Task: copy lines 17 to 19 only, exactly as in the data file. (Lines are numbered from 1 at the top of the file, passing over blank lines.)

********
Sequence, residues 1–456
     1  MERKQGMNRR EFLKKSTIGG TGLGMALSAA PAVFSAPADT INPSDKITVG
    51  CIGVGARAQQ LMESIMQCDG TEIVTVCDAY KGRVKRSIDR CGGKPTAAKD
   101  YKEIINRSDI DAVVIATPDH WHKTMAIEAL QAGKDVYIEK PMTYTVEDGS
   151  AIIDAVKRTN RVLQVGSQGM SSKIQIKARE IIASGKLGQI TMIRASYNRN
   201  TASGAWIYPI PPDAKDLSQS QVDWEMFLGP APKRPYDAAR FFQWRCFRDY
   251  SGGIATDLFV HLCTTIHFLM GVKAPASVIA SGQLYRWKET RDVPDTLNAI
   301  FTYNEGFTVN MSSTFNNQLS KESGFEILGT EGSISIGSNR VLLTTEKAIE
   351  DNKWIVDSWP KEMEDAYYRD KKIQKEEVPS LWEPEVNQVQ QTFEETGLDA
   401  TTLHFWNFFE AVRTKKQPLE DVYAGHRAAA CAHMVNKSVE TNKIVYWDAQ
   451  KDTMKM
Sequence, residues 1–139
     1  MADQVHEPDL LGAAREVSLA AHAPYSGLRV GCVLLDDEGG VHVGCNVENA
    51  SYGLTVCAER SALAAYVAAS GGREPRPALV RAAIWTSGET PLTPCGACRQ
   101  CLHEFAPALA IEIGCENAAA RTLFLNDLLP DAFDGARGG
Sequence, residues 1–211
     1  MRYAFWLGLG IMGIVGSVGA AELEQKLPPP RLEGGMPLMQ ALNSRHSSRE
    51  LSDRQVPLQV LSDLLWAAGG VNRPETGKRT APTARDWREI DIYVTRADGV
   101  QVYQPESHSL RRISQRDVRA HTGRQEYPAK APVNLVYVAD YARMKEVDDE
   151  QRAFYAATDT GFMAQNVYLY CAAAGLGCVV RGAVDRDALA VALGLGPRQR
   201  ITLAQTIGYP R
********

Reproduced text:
     1  MRYAFWLGLG IMGIVGSVGA AELEQKLPPP RLEGGMPLMQ ALNSRHSSRE
    51  LSDRQVPLQV LSDLLWAAGG VNRPETGKRT APTARDWREI DIYVTRADGV
   101  QVYQPESHSL RRISQRDVRA HTGRQEYPAK APVNLVYVAD YARMKEVDDE